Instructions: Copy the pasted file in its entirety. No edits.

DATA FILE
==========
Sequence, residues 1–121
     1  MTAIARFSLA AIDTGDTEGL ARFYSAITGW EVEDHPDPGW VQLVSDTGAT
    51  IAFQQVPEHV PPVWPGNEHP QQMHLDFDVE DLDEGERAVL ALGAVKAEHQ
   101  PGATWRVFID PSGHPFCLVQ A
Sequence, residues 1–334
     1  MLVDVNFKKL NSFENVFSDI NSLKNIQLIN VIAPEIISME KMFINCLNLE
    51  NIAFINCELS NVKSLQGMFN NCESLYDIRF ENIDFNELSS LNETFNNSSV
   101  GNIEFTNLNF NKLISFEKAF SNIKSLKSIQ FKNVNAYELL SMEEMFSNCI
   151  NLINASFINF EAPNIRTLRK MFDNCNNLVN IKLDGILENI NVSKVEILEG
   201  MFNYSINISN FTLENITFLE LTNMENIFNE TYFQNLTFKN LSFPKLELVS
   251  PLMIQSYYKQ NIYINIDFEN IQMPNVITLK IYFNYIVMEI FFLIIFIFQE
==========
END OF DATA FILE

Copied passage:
Sequence, residues 1–121
     1  MTAIARFSLA AIDTGDTEGL ARFYSAITGW EVEDHPDPGW VQLVSDTGAT
    51  IAFQQVPEHV PPVWPGNEHP QQMHLDFDVE DLDEGERAVL ALGAVKAEHQ
   101  PGATWRVFID PSGHPFCLVQ A
Sequence, residues 1–334
     1  MLVDVNFKKL NSFENVFSDI NSLKNIQLIN VIAPEIISME KMFINCLNLE
    51  NIAFINCELS NVKSLQGMFN NCESLYDIRF ENIDFNELSS LNETFNNSSV
   101  GNIEFTNLNF NKLISFEKAF SNIKSLKSIQ FKNVNAYELL SMEEMFSNCI
   151  NLINASFINF EAPNIRTLRK MFDNCNNLVN IKLDGILENI NVSKVEILEG
   201  MFNYSINISN FTLENITFLE LTNMENIFNE TYFQNLTFKN LSFPKLELVS
   251  PLMIQSYYKQ NIYINIDFEN IQMPNVITLK IYFNYIVMEI FFLIIFIFQE